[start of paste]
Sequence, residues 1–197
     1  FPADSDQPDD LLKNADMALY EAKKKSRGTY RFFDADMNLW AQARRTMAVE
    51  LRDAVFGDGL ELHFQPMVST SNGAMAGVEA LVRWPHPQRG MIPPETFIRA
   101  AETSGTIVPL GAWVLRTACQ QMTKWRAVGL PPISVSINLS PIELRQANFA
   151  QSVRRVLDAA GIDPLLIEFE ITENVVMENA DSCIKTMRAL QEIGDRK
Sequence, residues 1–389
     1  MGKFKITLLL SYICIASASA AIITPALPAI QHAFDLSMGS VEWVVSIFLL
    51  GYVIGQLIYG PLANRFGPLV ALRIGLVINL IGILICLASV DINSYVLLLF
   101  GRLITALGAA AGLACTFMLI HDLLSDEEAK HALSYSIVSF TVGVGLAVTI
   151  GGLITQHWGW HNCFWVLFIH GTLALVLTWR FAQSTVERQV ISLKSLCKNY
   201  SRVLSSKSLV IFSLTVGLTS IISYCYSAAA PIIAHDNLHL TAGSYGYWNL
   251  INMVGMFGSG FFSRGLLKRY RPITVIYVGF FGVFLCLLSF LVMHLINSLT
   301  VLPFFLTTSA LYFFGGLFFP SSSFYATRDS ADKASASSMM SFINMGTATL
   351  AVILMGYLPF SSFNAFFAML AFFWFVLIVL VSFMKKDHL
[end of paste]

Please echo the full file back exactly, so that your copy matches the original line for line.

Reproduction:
Sequence, residues 1–197
     1  FPADSDQPDD LLKNADMALY EAKKKSRGTY RFFDADMNLW AQARRTMAVE
    51  LRDAVFGDGL ELHFQPMVST SNGAMAGVEA LVRWPHPQRG MIPPETFIRA
   101  AETSGTIVPL GAWVLRTACQ QMTKWRAVGL PPISVSINLS PIELRQANFA
   151  QSVRRVLDAA GIDPLLIEFE ITENVVMENA DSCIKTMRAL QEIGDRK
Sequence, residues 1–389
     1  MGKFKITLLL SYICIASASA AIITPALPAI QHAFDLSMGS VEWVVSIFLL
    51  GYVIGQLIYG PLANRFGPLV ALRIGLVINL IGILICLASV DINSYVLLLF
   101  GRLITALGAA AGLACTFMLI HDLLSDEEAK HALSYSIVSF TVGVGLAVTI
   151  GGLITQHWGW HNCFWVLFIH GTLALVLTWR FAQSTVERQV ISLKSLCKNY
   201  SRVLSSKSLV IFSLTVGLTS IISYCYSAAA PIIAHDNLHL TAGSYGYWNL
   251  INMVGMFGSG FFSRGLLKRY RPITVIYVGF FGVFLCLLSF LVMHLINSLT
   301  VLPFFLTTSA LYFFGGLFFP SSSFYATRDS ADKASASSMM SFINMGTATL
   351  AVILMGYLPF SSFNAFFAML AFFWFVLIVL VSFMKKDHL